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Gun Fit in New Shooters

In working with a lot of the high school athletes and the high school coaches, we’ve learned that gun fit is a huge thing for them. There are no guns out there that are going to fit somebody that’s 5’6 and weighs 115 pounds. That’s just not out there.

You need to do what I would call a novice gun fit, which I’ve done quite a few of. Get the length of pull close and probably cut a little bit on the comb to get it down to where it doesn’t hurt them by hitting them in the face.

One of the biggest things they need to understand is their gun fit is going to need to be adjusted as many as two or three times during the first 2,000 to 3,000 rounds. Because as they begin to develop, as their posture improves, as the gun mount improves, and their face goes forward, and they begin to understand how the body helps them take recoil and holding on to it.

They begin to learn all these things that have to come together in 1/10th of a second. When you pull the trigger at the right place, then things change and shift.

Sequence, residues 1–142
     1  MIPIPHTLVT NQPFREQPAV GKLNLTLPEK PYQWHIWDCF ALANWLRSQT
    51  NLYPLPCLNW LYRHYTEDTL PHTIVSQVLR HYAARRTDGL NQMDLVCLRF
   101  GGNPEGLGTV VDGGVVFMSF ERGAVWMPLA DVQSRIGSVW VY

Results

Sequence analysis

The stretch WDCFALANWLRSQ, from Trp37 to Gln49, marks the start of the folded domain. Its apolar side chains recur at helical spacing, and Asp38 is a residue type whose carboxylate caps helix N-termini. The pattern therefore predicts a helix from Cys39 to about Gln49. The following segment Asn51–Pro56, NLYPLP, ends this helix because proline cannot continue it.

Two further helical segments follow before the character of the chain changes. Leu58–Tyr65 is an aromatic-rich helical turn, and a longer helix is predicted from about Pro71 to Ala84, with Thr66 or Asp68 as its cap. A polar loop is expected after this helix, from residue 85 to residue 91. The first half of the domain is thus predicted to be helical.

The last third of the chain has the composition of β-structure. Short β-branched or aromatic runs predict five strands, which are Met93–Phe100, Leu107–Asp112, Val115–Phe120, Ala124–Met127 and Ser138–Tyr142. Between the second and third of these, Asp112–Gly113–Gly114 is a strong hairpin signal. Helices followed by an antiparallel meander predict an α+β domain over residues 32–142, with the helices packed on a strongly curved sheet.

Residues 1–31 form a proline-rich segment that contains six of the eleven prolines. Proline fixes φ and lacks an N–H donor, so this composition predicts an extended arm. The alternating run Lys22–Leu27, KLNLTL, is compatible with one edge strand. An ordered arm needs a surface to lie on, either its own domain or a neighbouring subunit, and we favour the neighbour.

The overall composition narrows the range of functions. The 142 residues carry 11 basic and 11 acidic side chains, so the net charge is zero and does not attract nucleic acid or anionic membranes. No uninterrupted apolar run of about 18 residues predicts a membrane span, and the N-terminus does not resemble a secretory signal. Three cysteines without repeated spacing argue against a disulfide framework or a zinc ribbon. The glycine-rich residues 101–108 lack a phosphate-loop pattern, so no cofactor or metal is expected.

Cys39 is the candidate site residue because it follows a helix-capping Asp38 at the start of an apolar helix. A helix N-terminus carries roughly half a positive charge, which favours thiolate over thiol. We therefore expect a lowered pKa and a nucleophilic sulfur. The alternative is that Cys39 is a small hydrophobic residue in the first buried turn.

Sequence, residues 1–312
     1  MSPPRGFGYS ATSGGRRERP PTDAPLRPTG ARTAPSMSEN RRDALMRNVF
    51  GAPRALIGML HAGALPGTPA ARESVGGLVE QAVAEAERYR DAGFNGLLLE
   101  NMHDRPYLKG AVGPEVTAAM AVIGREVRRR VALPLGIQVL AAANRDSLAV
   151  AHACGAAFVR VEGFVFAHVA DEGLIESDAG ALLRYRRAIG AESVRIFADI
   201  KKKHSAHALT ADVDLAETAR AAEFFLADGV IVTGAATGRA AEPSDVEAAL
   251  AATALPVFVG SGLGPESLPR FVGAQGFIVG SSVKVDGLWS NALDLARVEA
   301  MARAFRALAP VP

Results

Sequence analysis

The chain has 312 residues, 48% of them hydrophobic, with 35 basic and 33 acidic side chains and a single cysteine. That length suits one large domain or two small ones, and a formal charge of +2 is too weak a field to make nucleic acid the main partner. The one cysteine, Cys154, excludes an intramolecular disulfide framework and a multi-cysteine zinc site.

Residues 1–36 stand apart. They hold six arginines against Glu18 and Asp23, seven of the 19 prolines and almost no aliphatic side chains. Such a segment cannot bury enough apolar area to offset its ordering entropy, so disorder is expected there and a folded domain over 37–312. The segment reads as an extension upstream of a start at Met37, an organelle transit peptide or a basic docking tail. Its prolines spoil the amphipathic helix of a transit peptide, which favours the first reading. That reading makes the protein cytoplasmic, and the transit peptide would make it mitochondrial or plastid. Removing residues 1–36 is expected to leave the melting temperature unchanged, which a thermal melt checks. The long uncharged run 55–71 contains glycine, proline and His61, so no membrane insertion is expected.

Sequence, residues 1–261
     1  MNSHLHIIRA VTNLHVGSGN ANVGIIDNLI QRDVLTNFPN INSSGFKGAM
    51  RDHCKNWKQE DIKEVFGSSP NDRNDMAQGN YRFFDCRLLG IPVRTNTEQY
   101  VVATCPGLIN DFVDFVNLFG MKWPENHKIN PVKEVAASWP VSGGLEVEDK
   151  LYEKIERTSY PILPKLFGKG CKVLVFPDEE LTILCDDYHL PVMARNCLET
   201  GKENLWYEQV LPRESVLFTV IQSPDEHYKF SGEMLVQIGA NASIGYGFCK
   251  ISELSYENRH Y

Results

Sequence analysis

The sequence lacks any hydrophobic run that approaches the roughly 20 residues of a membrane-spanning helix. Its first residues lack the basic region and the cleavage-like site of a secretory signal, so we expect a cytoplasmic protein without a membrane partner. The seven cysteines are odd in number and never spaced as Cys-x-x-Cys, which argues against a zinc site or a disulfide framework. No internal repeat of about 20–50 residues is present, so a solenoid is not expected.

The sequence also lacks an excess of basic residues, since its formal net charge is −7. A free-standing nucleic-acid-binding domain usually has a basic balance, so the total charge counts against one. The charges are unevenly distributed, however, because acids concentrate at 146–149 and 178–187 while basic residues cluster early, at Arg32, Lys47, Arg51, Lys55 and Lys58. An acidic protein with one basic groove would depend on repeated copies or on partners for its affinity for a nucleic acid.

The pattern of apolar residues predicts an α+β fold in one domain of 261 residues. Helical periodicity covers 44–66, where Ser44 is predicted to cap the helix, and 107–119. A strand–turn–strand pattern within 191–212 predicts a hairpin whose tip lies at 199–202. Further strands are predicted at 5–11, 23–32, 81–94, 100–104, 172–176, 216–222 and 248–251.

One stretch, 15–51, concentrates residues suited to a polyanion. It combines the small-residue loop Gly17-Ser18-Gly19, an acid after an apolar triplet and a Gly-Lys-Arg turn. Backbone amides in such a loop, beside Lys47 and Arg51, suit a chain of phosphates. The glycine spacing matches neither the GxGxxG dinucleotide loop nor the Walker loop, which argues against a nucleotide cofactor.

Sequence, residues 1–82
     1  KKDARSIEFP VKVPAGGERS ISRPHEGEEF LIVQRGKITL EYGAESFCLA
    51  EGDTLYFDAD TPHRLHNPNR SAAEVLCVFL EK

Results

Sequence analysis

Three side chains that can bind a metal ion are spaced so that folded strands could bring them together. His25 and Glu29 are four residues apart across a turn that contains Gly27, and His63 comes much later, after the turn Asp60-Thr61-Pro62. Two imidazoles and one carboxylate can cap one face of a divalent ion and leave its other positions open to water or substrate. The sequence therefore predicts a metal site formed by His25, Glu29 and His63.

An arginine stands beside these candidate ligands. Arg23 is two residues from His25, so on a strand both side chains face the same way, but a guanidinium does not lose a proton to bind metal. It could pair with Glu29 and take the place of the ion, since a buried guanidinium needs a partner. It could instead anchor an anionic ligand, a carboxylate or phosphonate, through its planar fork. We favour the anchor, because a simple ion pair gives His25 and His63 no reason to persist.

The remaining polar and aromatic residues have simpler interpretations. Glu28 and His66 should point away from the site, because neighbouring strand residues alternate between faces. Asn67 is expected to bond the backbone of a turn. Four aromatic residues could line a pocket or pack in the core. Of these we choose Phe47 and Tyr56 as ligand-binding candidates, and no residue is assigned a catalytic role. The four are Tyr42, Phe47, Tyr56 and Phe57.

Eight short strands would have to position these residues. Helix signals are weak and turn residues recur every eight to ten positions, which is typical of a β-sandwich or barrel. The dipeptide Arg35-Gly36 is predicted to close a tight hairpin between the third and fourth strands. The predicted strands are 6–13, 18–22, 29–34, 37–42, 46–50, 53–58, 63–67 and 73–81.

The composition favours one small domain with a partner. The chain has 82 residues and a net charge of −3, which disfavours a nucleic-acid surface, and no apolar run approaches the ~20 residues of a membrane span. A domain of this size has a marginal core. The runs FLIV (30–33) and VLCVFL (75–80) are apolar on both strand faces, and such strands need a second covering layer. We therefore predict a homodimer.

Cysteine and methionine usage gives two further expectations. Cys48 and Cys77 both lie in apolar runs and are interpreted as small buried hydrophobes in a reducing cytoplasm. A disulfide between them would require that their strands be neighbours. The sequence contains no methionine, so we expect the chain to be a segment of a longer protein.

A lot of parents have come to us pretty upset because they went to so-and-so and got the gun shortened. But they come and see us and all of a sudden now the gun’s too short. And they’re upset. We have to tell them “No, no, no. Let me show you how your child was standing in the beginning. The child had his weight on his back foot, which brings his head back. Now he’s learned to get the weight on his front foot, his muscles are built up. His gun fit’s going to change two to three times in the first 2,000 to 3,000 shots.”

It’s necessary for a beginner to have a basic understanding of foot position, shooting posture, and something that resembles a breakpoint. Not specific. They just need to know that there is a breakpoint. It’s good for them to go shoot singles, shoot really simple targets, birds that are in the air a long time, learn to shoot and move and mount the gun. They need trigger time.

You need to establish an eye preference and sight pictures and begin to build the inventory of what it looks like to you when the gun’s ahead of the bird.

A lot of the parent coaches say “Well, they’re shooting pairs, so we need to practice pairs.” And nothing could be further from the truth. We tell people to concentrate on shooting singles in practice.